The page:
A three-note letter written by Albert Einstein, one of the greatest minds in the 20th-century science, and winner of the 1921 Physics Nobel Prize, was sold Tuesday at an auction in Jerusalem for $1.8 million, according to the auctioneers. In the autographed notes, Einstein explained his theory of how to live a fulfilling and happy life.
When he was 43 years old, just before learning he was nominated for the Physics Nobel Prize, Einstein traveled from Europe to Japan for a lecture series. Thanks to it, his Japanese publisher and hosts paid him a total of £2,000 — as told in Walter Isaacson’s biography, “Einstein: His Life and Universe.”
All the Japanese people heard about Albert Einstein coming to Tokyo, and thousands tried to reach him whenever they had the opportunity.
At his room in the Imperial Hotel in Tokyo, tired and overwhelmed after the crowd of admirers asking for him, Einstein quietly sat and wrote what he was thinking and feeling at the moment. In a simple paper, he wrote his theory of happiness.
Not even researchers knew about the existence of these notes.
A lucky break that no one knew about
When an employee arrived Einstein’s room for a delivery, he decided to give the messenger with something that later would be worth millions. This was maybe because the worker “refused to accept a tip, in line with local practice, or Einstein had no small change available,” according to the AFP.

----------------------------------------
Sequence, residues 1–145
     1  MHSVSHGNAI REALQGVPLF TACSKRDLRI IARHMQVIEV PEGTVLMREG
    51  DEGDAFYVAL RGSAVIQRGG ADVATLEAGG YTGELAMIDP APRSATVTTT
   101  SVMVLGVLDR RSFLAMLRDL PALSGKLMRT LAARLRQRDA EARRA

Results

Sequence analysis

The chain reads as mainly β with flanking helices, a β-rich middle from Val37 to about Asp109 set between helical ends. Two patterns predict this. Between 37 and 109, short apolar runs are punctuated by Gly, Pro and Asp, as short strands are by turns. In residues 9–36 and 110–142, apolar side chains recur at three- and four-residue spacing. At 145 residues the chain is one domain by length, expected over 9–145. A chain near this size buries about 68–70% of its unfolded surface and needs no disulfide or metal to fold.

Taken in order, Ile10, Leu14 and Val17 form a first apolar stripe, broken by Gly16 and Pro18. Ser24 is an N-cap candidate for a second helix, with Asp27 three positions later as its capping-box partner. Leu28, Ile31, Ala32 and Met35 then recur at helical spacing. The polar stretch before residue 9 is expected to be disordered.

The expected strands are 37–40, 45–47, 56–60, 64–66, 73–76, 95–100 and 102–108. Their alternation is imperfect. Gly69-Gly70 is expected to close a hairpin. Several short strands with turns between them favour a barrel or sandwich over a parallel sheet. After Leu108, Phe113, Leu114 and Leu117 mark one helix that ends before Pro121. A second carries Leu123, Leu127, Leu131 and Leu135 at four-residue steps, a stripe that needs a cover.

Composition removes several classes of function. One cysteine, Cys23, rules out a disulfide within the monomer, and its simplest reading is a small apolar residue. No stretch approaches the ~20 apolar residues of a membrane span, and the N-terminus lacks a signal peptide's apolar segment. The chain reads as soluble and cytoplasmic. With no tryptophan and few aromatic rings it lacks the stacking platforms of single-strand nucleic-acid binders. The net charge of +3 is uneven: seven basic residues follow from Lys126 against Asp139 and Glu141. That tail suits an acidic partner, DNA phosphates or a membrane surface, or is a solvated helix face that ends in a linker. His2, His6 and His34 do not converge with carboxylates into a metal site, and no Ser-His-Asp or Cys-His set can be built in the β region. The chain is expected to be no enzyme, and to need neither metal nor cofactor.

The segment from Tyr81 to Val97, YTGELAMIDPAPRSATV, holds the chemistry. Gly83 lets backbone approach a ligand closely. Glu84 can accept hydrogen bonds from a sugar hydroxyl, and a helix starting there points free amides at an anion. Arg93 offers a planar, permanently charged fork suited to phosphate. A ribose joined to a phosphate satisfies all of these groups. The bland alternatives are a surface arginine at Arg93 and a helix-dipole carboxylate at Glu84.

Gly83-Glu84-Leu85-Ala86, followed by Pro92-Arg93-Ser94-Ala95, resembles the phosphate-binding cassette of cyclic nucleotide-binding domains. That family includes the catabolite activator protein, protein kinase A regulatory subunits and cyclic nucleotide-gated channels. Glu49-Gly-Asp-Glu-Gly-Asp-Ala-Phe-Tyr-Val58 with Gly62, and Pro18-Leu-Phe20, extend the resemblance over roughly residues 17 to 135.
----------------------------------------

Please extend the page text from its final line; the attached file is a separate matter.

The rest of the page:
“A calm and modest life brings more happiness than the pursuit of success combined with constant restlessness,” says in German one of the three notes from the tip that Einstein gave to the messenger.
According to the Winner’s Auctions and Exhibitions website, this note was estimated to sell for between $5,000 and $8,000. But, out of the three, this note was sold for $1.56 million.
Gal Wiener, the chief executive of the auction house, said that the note began at $2,000, but only took 25 minutes to reach its final price.
The other note, which Einstein wrote on a blank sheet of paper, says “When there’s a will, there’s a way.” At the beginning, the auction house estimated to sell it at $6,000. In the end, it sold for $240,000.
When the seller closed the sale, the room filled with applause.
“I am really happy that there are people out there who are still interested in science and history and timeless deliveries in a world which is developing so fast,” the seller, who decided to remain anonymous, said after the sale.
The archivist who oversees the Einstein archives at the Hebrew University of Jerusalem, Roni Grosz, told the AFP that these just-recently-known notes help to understand the character and personality of Albert, who was one of the biggest geniuses in modern history.
When talking about his work, Grosz said that he was painting the portrait of Einstein: “the man, the scientist, his effect on the world.” For the archivist, the notes are a “stone in the mosaic.”
Albert Einstein was one of the Hebrew University of Jerusalem’s founders. In 1923, he gave the University’s first scientific speech. He gave his personal archives, as well as the rights to his works, to the University.
Source: The Washington Post